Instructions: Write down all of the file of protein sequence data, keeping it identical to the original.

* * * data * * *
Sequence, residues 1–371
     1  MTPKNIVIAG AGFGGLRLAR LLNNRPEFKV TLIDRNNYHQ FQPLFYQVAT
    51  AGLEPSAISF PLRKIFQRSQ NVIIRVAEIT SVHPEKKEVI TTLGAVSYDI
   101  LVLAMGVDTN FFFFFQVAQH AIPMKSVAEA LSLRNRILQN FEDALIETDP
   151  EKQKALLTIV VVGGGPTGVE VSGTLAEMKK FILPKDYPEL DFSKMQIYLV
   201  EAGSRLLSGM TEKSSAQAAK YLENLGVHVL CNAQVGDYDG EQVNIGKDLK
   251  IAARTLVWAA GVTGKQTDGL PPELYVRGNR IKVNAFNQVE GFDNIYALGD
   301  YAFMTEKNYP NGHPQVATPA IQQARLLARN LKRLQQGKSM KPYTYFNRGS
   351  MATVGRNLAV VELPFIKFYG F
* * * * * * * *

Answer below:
Sequence, residues 1–371
     1  MTPKNIVIAG AGFGGLRLAR LLNNRPEFKV TLIDRNNYHQ FQPLFYQVAT
    51  AGLEPSAISF PLRKIFQRSQ NVIIRVAEIT SVHPEKKEVI TTLGAVSYDI
   101  LVLAMGVDTN FFFFFQVAQH AIPMKSVAEA LSLRNRILQN FEDALIETDP
   151  EKQKALLTIV VVGGGPTGVE VSGTLAEMKK FILPKDYPEL DFSKMQIYLV
   201  EAGSRLLSGM TEKSSAQAAK YLENLGVHVL CNAQVGDYDG EQVNIGKDLK
   251  IAARTLVWAA GVTGKQTDGL PPELYVRGNR IKVNAFNQVE GFDNIYALGD
   301  YAFMTEKNYP NGHPQVATPA IQQARLLARN LKRLQQGKSM KPYTYFNRGS
   351  MATVGRNLAV VELPFIKFYG F